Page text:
Ok, so it’s out there: I’ve said it. Now that I’ve broken the code of silence about them, feel free to join me – because I know there are some of you out there who hate them too. Despite my mother’s cajoling, I chose not to even have one. I had several reasons for doing so. First: I was living in Ireland at the time of my first pregnancy, and the thought of having more stuff to pack when we left there was too daunting. (Not to mention, I was in such denial about the whole life-altering experience of motherhood that I would try to go shopping armed with the three-page list of ‘essentials’ and leave the baby shop in hives.) Second: I was superstitious about having a room full of stuff to come home to in case – gasp – anything went wrong. Third: I had a wedding shower, then a wedding…how many more occasions could I create in a half a decade that would involve expecting my nearest and dearest to shell out cash or gifts?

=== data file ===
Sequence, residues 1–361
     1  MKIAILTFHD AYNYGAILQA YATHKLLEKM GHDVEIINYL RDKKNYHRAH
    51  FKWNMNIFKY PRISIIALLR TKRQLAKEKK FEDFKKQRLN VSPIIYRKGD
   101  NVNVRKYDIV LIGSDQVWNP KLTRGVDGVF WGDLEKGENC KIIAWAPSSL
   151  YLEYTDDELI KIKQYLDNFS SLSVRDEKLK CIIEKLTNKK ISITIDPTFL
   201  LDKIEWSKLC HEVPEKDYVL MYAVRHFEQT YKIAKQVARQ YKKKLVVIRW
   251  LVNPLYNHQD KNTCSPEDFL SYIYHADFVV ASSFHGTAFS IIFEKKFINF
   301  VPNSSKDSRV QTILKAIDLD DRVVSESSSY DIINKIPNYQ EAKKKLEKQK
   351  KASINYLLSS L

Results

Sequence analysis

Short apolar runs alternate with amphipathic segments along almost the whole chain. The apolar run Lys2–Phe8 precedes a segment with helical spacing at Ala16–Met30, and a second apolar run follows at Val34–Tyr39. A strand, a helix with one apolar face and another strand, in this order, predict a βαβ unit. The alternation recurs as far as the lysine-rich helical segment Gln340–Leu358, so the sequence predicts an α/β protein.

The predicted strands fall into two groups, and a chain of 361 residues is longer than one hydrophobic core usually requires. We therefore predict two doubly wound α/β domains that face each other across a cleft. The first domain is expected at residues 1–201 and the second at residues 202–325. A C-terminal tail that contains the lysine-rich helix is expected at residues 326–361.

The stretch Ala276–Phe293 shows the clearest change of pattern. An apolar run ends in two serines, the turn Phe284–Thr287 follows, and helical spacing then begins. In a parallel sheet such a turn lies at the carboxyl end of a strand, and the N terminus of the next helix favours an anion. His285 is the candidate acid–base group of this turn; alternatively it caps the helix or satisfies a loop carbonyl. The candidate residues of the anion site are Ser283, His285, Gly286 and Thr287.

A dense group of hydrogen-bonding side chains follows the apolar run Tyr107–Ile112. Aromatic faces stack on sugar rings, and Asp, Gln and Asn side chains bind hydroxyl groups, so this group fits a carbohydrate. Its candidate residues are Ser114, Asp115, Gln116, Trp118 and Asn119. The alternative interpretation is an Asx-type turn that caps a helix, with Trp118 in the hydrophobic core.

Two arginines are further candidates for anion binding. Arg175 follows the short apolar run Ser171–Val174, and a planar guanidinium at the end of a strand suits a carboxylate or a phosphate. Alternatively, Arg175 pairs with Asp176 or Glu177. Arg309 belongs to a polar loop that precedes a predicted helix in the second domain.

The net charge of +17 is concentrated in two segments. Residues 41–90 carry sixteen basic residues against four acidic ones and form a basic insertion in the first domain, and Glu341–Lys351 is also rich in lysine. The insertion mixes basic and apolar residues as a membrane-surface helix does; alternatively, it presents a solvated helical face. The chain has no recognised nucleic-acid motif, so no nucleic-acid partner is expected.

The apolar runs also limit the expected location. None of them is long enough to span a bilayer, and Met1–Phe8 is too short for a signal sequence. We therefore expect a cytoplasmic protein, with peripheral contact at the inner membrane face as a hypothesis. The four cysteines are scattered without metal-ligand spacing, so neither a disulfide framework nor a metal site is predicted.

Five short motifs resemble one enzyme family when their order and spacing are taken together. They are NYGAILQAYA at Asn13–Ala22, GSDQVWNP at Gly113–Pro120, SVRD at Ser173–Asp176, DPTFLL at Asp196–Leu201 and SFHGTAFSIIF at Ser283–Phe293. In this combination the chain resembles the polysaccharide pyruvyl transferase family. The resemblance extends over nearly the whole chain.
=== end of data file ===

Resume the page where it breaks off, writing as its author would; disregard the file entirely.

What about wedding showers, you ask? First, I like kitchen gadgets, so I like to see what I can upgrade to one day, if I ever decide to upgrade my husband. Wedding showers also allow you the opportunity to see who you’re going to be doing the Macarena alongside in about a month’s time. A good meet and greet before the main event. Chances are, with baby showers, guests who attend will not get the opportunity in a month’s time to be holding hands together in the delivery room waiting for the bub to pop out.